Fake Evidence Blaming Russia for MH-17?"

Anatoly Sharij: You may still remember the BUK which photo was published by the Security Service of Ukraine (SBU) as a Russian one. You may also remember me dwelling on it. I received a lot of feedback saying I was lying etc. Here’s an interview with Ukrainian contract sergeant crossing “t’s” and dotting “i’s”.

Anatoly Sharij (AS): Good afternoon.

A: Good afternoon. Good to be talking to you. I have been watching your videos for quite some time now, and I have to say you do uncover the truth.

I am 23, and I have been in contract service with the Ukrainian army. Last summer the contract term came to an end, but I was not dismissed from service for reasons well known to you. My duty station was the exact BUK self-propelled fire installation (Russian abbreviation transliterated as SOU – translator) number 312 you made your video about, I happened to recently come across it on the Internet.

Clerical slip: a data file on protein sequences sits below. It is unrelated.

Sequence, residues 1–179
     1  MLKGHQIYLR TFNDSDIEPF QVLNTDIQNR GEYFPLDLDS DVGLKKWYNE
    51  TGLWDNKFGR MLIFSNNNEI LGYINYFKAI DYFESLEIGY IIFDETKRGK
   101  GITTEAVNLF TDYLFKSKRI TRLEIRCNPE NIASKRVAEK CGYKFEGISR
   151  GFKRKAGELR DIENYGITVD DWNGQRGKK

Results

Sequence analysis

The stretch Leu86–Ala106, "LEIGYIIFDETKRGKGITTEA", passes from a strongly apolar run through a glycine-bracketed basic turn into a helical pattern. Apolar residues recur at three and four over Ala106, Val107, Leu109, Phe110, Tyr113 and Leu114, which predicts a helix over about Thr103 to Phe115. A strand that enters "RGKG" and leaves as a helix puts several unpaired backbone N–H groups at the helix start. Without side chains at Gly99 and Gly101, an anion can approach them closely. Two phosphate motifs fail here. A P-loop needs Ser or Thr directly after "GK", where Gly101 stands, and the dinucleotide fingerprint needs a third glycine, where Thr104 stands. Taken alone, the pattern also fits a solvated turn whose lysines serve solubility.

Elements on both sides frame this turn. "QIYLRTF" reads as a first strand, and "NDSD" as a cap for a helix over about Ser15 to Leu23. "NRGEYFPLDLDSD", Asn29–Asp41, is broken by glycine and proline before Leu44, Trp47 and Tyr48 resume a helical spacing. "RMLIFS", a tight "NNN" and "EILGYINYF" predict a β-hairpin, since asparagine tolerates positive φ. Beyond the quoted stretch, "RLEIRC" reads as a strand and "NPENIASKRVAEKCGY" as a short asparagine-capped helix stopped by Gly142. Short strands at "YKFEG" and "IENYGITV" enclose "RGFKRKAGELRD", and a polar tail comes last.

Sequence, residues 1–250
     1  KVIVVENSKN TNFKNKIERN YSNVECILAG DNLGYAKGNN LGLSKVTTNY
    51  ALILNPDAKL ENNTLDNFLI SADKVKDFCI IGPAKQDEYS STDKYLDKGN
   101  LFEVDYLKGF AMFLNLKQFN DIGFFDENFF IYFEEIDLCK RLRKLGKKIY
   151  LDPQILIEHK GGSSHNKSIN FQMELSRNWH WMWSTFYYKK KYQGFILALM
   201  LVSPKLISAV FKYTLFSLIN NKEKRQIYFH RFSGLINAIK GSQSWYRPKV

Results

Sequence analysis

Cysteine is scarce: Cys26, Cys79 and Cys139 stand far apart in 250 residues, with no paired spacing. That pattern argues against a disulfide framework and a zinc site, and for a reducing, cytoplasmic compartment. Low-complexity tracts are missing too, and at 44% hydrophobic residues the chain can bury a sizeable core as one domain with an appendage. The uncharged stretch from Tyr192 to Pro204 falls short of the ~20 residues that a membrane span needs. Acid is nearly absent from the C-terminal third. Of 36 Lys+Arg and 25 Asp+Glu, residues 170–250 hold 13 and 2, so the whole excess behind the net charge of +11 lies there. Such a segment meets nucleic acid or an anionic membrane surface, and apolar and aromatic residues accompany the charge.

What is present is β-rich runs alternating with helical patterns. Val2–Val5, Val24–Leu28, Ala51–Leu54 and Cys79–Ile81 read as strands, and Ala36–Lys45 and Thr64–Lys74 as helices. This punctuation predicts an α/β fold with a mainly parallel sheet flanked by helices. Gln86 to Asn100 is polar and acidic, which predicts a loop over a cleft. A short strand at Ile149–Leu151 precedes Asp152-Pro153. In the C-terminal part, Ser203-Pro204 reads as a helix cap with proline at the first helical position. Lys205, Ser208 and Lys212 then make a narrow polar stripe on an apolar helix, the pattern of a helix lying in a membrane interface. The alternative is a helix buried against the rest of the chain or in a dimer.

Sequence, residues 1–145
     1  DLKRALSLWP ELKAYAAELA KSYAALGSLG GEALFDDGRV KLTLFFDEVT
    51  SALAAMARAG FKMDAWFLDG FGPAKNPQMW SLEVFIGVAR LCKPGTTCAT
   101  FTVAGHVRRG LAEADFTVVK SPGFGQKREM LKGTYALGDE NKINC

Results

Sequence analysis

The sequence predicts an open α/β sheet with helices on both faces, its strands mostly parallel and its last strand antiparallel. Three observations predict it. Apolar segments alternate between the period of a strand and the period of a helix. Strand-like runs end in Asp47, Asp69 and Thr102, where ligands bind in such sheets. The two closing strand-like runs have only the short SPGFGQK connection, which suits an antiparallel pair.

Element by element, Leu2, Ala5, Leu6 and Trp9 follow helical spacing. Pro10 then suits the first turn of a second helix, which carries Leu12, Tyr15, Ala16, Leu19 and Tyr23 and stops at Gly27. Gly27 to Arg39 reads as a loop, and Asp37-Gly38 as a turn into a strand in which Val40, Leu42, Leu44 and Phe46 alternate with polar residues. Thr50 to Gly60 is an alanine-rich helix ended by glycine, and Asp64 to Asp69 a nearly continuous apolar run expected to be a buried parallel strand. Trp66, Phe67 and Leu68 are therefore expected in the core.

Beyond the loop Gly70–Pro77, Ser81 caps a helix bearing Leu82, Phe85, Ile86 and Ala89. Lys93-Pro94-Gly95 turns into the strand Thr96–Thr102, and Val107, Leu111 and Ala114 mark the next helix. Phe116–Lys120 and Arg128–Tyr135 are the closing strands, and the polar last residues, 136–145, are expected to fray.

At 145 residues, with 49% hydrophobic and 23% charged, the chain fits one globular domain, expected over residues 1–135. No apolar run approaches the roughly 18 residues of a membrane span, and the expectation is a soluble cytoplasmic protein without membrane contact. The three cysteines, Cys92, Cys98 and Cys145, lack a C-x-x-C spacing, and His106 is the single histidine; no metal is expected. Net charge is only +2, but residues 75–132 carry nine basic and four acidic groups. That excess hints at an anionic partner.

The SOU has 4 crew members: service commander, me as deputy commander, driver and operator. This SOU 312 you made your video about was dislocated in Lugansk and your video shows it being relocated to Kramatorsk. Donetsk has a surface-to-air missile regiment having these BUK M1 on the inventory. The regiment consists of three divisions:

(1) in Avdeevka
(2) in Mariupol
(3) in Lugansk

This is how you decipher 312:

3 stands for the third (Lugansk) division,
1 stands for the battery number, ours was no. 1,
2 stands for one of the 2. service units in each battery, ours was no. 2.

BUK is a complex of 4 specialized military vehicles: command post, mobile target detection and assignment station, loading and starting station, self-propelled fire installation.